Egypt announces minimum wage raise for government employees

The Egyptian authorities have announced that they will raise the minimum wage for government workers to 3,000 Egyptian pounds ($153) as part of a new 67-billion-pound ($3.39-billion) support package to help those in need. The package will assist those who are struggling to pay soaring prices.

The latest package, announced by Prime Minister Mostafa Madbouly at a news conference, was an attempt to mitigate the economic impact of the Russia-Ukraine conflict, which has been affecting the country’s economy for the past eight months.

In a two-hour address on Tuesday, President Abdel Fattah El Sisi said he concurred that families required a monthly allowance of at least 10,000 pounds ($500) in order to make ends meet.

He said that in Egypt, where 25 million schoolchildren account for nearly a quarter of the population, the government cannot expect schoolteachers to dedicate themselves to teaching children on salaries of between 3,000 and 4,000 pounds a month.

The government, Mr Madbouly said, will soon send to Parliament for approval a bill raising the income tax exemption to 30,000 pounds a year from 24,000 pounds.

Egypt has been severely affected by the consequences of the ongoing Russia-Ukraine conflict. Its currency has lost about 20% of its value since March. Up to $25 billion fled its once-lucrative debt market within a week of the war starting in February. Inflation, fuelled by a surge in food and fuel prices, has risen to about 16% and will likely increase further if the currency continues to drop.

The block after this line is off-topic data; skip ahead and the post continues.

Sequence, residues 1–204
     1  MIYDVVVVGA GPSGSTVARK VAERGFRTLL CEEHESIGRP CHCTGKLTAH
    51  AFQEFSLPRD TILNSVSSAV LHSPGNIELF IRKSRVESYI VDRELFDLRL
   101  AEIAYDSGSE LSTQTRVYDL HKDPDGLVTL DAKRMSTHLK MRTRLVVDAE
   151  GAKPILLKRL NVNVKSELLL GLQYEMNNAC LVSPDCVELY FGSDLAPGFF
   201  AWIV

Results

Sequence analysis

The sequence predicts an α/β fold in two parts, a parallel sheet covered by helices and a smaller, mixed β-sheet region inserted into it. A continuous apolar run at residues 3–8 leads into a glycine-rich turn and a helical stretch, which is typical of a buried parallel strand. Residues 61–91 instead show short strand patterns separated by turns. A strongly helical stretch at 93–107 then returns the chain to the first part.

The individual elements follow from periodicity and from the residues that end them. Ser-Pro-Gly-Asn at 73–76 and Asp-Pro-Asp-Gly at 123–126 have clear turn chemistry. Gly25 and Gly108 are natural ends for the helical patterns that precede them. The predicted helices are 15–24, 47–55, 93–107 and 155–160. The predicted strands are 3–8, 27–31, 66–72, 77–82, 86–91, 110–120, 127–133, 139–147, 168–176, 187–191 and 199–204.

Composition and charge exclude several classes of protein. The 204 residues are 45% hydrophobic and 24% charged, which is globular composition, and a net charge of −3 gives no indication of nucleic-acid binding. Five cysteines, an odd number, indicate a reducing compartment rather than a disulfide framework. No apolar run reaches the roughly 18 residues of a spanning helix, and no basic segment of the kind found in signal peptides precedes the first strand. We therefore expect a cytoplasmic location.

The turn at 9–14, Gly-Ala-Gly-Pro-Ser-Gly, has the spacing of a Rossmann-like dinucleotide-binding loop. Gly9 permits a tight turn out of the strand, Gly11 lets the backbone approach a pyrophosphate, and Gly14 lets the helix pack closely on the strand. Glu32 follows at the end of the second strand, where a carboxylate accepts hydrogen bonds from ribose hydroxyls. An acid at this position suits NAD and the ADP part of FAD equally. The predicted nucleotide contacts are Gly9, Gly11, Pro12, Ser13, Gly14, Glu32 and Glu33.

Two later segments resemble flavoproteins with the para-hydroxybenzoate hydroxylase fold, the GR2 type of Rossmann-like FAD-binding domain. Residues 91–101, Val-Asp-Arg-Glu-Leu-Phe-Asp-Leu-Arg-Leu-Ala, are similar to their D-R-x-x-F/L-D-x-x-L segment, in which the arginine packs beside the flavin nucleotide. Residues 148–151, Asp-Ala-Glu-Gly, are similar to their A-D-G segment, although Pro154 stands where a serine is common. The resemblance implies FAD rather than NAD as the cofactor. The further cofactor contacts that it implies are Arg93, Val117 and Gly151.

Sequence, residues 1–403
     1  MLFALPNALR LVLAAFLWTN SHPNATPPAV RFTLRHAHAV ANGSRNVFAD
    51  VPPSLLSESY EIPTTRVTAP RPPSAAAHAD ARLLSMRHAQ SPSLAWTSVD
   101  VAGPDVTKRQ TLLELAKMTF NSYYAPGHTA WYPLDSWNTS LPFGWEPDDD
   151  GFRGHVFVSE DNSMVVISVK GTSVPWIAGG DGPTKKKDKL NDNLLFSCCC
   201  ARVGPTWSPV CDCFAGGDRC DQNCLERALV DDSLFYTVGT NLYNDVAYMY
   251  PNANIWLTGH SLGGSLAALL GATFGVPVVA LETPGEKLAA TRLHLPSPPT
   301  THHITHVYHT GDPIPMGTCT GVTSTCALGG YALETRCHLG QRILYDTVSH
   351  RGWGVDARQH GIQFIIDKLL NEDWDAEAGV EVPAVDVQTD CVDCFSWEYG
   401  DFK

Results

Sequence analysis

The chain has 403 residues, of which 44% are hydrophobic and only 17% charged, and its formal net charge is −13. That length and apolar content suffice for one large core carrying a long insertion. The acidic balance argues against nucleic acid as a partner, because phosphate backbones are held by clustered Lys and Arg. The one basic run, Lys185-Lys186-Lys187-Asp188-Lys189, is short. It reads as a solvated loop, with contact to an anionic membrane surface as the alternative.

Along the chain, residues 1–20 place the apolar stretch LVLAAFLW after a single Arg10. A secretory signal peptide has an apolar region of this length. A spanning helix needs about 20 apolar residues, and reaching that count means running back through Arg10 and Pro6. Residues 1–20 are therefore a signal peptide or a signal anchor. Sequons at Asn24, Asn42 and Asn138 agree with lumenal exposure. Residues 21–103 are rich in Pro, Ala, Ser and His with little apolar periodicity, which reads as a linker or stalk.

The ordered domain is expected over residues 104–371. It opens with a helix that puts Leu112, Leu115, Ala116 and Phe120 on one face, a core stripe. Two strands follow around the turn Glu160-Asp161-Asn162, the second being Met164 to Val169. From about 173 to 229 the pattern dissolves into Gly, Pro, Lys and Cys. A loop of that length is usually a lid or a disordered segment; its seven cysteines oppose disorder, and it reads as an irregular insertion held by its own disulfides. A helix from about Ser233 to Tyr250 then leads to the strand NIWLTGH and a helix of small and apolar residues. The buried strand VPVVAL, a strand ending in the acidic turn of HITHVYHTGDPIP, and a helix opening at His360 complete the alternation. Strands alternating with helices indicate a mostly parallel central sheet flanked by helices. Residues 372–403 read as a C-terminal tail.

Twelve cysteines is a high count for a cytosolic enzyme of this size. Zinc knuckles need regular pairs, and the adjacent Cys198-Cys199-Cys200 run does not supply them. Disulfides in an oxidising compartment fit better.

The local industry dependent on imported components has also been hit by a foreign currency crunch.

During the war, the most populous Arab nation, Egypt, which has 104 million people, was affected. The economy, which had been devastated by the coronavirus pandemic, was just recovering when the war began.

In addition to the higher minimum wage and tax exemption, the Egyptian prime minister said that a mechanism was being put together to financially support private sector workers who might be laid off.

Image Credit: REUTERS/Mohamed Abd El Ghany